Stockholm/Paris — Making one’s own actions more sustainable is a good resolution for the new year. A first simple step is to consider the environment when choosing your own packaging, for example by using paper bags. To what extent paper carrier bags contribute to combating climate change has been summarised in a new infographic. It was published by the platform “The Paper Bag”, an association of Europe’s leading manufacturers of kraft paper and paper carrier bags. “In a world facing challenges such as globalisation, climate change and a scarcity of raw materials, it is vital that consumers can make informed decisions,” explains Kennert Johansson, Acting Secretary General of CEPI Eurokraft. “With our infographic, we want to raise awareness of the advantages of paper carrier bags as sustainable packaging that contribute to reducing littering and environmental pollution.” Paper bags are made from wood, an ever-growing resource.

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Will the skyscrapers of the future be made out of wood?

By Saul Elbein
National Geographic
January 13, 2020
Category: Wood, Paper & Green Building
Region: International

Until about your grandparents’ childhood—or maybe your great-grandparents’—the world was made of wood. Everything from weapons and wheels, barrels and houses, tools for cooking and industry, was at least in part derived from materials taken from the bodies of trees. People were born in oak beds and rocked in poplar cradles and killed by walnut-stock rifles and buried in pine coffins.Now a growing industry wants to bring back the golden age of wood starting with skyscrapers. “Look at this,” Antti Asikainen, an austere, affable Finnish forestry professor, says admiringly, pointing to a rectangular hole cut in the sheetrock of a 12-story apartment building, exposing the skeleton below. The frame inside is made of mass timber, a high-density wood product that is one of the new range of high-tech products the global economy relies upon forests to fill.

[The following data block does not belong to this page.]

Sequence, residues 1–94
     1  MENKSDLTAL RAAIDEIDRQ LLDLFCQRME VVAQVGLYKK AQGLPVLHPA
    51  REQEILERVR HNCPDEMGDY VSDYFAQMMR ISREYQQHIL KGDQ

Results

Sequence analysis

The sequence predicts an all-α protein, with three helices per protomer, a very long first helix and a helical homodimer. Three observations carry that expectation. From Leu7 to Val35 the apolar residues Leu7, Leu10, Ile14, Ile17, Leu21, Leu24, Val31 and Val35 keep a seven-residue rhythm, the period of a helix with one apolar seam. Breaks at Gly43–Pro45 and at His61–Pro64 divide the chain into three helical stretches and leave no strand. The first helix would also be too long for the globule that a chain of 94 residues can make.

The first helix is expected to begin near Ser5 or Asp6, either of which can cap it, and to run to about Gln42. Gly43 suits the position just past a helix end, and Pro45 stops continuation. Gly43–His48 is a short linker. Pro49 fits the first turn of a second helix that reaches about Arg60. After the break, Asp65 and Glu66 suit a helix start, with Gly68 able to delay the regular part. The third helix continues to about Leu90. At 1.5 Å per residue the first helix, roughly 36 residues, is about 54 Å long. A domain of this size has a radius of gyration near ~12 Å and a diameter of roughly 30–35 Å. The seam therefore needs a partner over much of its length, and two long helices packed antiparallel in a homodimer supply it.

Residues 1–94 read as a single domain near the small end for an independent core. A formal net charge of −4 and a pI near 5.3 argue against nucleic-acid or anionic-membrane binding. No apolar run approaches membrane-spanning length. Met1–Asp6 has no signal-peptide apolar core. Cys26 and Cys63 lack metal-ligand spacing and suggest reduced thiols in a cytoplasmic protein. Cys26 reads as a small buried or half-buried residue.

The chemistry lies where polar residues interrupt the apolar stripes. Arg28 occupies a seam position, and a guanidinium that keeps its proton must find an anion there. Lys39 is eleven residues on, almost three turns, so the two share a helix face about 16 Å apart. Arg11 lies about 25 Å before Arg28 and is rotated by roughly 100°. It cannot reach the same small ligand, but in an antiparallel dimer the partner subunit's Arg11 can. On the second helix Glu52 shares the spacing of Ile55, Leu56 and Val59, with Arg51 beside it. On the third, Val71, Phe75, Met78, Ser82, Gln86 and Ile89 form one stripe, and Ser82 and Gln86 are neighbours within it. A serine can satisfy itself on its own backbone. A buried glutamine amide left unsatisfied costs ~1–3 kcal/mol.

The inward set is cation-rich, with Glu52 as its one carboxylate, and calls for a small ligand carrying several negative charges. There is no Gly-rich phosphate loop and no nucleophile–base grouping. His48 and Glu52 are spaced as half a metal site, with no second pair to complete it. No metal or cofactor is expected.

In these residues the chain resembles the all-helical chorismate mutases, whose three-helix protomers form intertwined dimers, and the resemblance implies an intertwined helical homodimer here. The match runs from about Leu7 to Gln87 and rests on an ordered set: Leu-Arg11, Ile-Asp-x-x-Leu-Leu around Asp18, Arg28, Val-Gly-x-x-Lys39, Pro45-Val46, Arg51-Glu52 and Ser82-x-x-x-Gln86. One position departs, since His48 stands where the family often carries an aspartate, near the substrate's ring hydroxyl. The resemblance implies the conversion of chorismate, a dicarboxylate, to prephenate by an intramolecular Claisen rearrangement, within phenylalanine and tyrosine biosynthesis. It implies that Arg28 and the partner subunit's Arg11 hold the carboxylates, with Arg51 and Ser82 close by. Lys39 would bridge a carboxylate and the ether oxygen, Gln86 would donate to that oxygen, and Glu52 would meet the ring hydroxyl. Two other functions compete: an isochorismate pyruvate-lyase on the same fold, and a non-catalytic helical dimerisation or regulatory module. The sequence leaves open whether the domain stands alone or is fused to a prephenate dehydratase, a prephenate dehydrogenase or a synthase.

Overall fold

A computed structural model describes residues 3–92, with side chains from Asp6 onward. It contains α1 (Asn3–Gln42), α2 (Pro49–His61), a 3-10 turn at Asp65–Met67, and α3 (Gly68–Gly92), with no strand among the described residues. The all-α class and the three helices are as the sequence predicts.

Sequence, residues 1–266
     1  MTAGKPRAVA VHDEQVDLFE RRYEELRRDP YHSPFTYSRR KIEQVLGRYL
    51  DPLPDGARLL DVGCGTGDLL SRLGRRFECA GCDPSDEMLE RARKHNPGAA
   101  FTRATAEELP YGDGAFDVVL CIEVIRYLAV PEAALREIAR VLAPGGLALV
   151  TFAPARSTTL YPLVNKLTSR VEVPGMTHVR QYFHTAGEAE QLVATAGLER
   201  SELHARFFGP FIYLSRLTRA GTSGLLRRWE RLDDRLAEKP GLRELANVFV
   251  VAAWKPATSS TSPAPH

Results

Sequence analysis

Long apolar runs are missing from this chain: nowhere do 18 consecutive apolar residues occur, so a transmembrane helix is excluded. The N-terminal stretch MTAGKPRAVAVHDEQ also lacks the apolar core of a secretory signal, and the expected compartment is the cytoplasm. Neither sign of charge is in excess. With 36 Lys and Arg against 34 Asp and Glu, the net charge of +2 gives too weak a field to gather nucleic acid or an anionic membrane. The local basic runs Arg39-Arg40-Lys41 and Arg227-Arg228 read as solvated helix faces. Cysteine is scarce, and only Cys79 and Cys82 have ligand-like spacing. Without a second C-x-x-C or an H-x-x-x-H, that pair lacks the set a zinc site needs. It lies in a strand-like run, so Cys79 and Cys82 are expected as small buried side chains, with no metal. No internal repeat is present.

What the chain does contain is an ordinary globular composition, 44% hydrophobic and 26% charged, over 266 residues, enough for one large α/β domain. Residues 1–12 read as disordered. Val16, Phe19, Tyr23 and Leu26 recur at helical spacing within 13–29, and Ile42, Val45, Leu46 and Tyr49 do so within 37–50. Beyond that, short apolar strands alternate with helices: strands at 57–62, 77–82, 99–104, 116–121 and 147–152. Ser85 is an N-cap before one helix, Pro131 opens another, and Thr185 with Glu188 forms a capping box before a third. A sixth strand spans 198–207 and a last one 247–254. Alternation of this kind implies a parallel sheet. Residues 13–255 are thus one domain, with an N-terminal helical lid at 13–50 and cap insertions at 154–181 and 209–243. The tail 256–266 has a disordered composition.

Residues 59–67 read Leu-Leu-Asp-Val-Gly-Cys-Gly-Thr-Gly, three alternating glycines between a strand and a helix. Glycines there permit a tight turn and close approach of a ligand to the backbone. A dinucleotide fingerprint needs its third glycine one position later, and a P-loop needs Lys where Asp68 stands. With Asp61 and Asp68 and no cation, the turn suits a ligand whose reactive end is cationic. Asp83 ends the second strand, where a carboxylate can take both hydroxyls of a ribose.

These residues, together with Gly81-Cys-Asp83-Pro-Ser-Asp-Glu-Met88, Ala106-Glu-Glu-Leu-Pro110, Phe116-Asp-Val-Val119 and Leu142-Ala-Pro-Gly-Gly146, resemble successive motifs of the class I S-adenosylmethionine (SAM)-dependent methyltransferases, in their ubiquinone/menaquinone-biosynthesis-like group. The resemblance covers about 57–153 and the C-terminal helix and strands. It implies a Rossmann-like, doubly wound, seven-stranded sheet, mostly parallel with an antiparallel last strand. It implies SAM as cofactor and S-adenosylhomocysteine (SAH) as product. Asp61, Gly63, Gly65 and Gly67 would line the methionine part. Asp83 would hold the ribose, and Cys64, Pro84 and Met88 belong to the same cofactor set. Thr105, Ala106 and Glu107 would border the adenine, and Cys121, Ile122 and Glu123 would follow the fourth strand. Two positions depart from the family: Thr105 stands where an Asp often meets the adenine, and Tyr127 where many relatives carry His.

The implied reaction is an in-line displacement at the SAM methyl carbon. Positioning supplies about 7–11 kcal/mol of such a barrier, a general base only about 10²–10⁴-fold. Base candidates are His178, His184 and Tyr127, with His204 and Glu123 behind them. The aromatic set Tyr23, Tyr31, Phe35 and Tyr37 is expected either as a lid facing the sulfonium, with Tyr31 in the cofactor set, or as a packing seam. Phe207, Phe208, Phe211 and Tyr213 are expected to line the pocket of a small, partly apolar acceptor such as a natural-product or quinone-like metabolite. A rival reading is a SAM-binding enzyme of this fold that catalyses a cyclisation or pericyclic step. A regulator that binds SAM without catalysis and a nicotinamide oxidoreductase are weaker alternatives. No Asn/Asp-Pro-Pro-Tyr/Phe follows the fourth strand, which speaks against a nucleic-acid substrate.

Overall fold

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Valio and Stora Enso to introduce wood-based reusable lids

Packaging Gateway
January 13, 2020
Category: Wood, Paper & Green Building
Region: International

Finnish dairy product manufacturer Valio and pulp and paper manufacturer Stora Enso are planning to introduce wood fibre-based reusable lids made from a biocomposite.  Encouraging consumers to reduce waste, the partners will distribute 10,000 reusable lids through Valio’s promotional sales demonstrations early this year.  Valio and Stora Enso will use the reusable lids to test the wood-based biocomposite in food packaging. It will help the companies understand how biocomposite reacts when in contact with food.  Valio packaging development manager Jussi-Pekka Lumme said: “With this pilot project we are encouraging people to take small, concrete actions to reduce food waste. The lid makes it easy to protect the unused crème fraiche or quark.

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Norbord’s Industrial Sales Manager, David Sleigh, offers his thoughts on the healthy state of the supply chain for the industrial market

Structural Timber Magazine
January 14, 2020
Category: Wood, Paper & Green Building
Region: International

David Sleigh